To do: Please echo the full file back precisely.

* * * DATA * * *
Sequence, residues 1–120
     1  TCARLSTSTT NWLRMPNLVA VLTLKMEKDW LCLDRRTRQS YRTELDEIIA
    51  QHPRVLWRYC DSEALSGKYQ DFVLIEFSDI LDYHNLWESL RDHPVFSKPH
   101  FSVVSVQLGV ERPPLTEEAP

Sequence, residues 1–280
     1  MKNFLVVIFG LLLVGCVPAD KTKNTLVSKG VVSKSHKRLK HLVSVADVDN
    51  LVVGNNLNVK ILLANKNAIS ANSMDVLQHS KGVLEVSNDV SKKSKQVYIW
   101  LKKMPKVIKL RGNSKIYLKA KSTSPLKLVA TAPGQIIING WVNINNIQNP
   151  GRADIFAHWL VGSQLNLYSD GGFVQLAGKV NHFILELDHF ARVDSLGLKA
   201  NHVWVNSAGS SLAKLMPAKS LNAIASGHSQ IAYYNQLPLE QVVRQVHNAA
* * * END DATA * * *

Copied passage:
Sequence, residues 1–120
     1  TCARLSTSTT NWLRMPNLVA VLTLKMEKDW LCLDRRTRQS YRTELDEIIA
    51  QHPRVLWRYC DSEALSGKYQ DFVLIEFSDI LDYHNLWESL RDHPVFSKPH
   101  FSVVSVQLGV ERPPLTEEAP

Sequence, residues 1–280
     1  MKNFLVVIFG LLLVGCVPAD KTKNTLVSKG VVSKSHKRLK HLVSVADVDN
    51  LVVGNNLNVK ILLANKNAIS ANSMDVLQHS KGVLEVSNDV SKKSKQVYIW
   101  LKKMPKVIKL RGNSKIYLKA KSTSPLKLVA TAPGQIIING WVNINNIQNP
   151  GRADIFAHWL VGSQLNLYSD GGFVQLAGKV NHFILELDHF ARVDSLGLKA
   201  NHVWVNSAGS SLAKLMPAKS LNAIASGHSQ IAYYNQLPLE QVVRQVHNAA